Written by Emily Cunnigham, founder of True Moringa
Moringa is known as the ‘miracle tree’ because—well, there isn’t much it can’t do. Moringa leaves are incredibly nutritious (gram-for-gram, more iron than spinach, more calcium than milk, and more protein than eggs), moringa seeds produce a moisturizing oil packed with antioxidants and cell-stimulating plant hormones for hair and skin care, and even the waste product from oil processing (pressmeal) can be used as a natural fertilizer, protein-rich animal feed, or flocculant to purify water.
When my co-founder Kwami and I were first introduced to this so-called miracle tree while working in a rural village in Ghana in 2012, we wondered why we had never heard of it before, and why it hadn’t reached a global audience. Attempting to answer this question has kept us quite busy for the past four years.
As it turns out, moringa trees had been spread across West Africa by NGOs hoping to prevent malnutrition. Moringa flourishes in arid climates, requiring little water, and producing seeds in eight months and leaves in two months (extremely fast for a tree!). It can be intercropped within existing crops to help those crops grow better, and replenishes the soil with essential nutrients. So for farmers, it’s a no-risk, high reward source of food security and income all rolled into one.
These NGOs promised rural families that the crop would be valuable, but in many cases grant money dried up, and they left without really developing a complete supply chain. Farmers grew tired of tending to these fast-growing trees, and without a market, cut them down or fed them to their animals.
We started working alongside farming families to develop technologies to make farming moringa worth their while. By 2013, we had started adding value to moringa seeds—producing cold-pressed oil on the first of many iterations of our moringa oil extraction system.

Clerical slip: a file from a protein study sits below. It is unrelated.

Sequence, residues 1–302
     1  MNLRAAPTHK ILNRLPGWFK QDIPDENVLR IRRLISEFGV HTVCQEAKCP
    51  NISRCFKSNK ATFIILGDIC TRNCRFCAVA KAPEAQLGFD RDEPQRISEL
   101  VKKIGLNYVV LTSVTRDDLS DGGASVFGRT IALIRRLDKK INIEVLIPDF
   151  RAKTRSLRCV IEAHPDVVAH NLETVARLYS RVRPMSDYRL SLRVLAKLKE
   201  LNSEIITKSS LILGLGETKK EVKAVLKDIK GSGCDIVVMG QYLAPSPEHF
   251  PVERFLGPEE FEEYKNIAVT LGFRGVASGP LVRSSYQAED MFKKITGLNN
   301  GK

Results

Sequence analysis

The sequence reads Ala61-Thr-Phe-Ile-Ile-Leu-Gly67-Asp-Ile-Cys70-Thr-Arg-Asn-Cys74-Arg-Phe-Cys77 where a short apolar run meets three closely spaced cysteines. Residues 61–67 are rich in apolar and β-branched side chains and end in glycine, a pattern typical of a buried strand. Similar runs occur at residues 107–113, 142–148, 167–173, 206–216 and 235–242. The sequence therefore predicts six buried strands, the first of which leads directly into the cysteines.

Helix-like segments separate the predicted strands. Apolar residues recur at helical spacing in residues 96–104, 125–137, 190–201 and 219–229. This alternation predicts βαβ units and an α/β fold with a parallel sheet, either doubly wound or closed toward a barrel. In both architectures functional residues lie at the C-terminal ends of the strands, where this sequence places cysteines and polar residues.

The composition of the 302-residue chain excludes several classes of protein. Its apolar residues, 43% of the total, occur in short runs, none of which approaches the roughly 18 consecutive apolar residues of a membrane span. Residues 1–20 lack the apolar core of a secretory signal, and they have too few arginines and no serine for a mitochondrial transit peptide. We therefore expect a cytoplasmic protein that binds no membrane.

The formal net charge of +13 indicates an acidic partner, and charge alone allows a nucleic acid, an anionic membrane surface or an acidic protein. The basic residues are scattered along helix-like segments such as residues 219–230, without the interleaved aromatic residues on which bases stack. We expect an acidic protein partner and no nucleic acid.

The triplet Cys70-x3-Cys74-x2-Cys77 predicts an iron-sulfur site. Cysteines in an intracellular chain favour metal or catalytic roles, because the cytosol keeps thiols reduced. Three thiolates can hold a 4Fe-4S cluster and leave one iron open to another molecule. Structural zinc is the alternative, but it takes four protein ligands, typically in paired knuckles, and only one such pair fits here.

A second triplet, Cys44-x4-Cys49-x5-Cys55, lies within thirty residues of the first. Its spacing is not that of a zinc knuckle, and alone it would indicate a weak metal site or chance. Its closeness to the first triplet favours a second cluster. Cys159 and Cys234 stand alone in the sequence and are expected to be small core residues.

We soon learned from our farming partners that technology wasn’t enough to reach the global market – they made our work easy, letting us know exactly what had been missing in the global supply chain: training in agricultural best practices to cultivate high-yield/high quality trees, inputs like seeds, organic fertilizer, and organic pesticide on credit, and a guaranteed market for whatever they produced.
Today, we work with over 1,600 small farming families throughout Ghana—to cultivate over 250,000 moringa trees. We have an agricultural extension officer in each region, buying seeds directly from farming families at a fair price, and checking in with farmers to ensure they are following organic practices and implementing the latest permaculture techniques. Seeds are then transported to our processing center in Accra where we shell, cold-press, and filter oil right at the source. From there, our oil is packaged and shipped over to our workshop in Boston where we infuse our hair, body, and facial oils with essential oils and (spoiler alert!) create our soaps, butters, and toners.
Ultimately, we’re working to move as much of the production as possible to rural Ghana, and we’re really excited about the potential of our sister food brand—Minga Foods—to do just that. We launched Minga in Ghana last year to bring more income to farming families by buying their excess moringa leaves at a fair price and to introduce moringa as a superfood to the global—and particularly the African market. Too often, commodities are exported from the developing world at a low price, processed in the Western world, and even sold back to the same developing countries. We’ve had so much fun experimenting with moringa and all of the amazing crops Ghana has to offer (cashew, mango, and cocoa to name a few) and moringa to create delicious and nutritious teas, drinks, and snacks. We’re looking forward to building one of the first completely made-in-Africa global brands. We’re also in the midst of creating the largest organic certified moringa farm in Africa—planted by our very own customers—to bring even more jobs to rural Ghana.
It’s been an incredible journey, understanding the symbiotic relationship between quality and social impact. We’re thrilled that the beauty and wellness industries are moving more toward environmental sustainability and natural ingredients, and we hope it will continue to evolve to treat those at the beginning of the supply chain with dignity.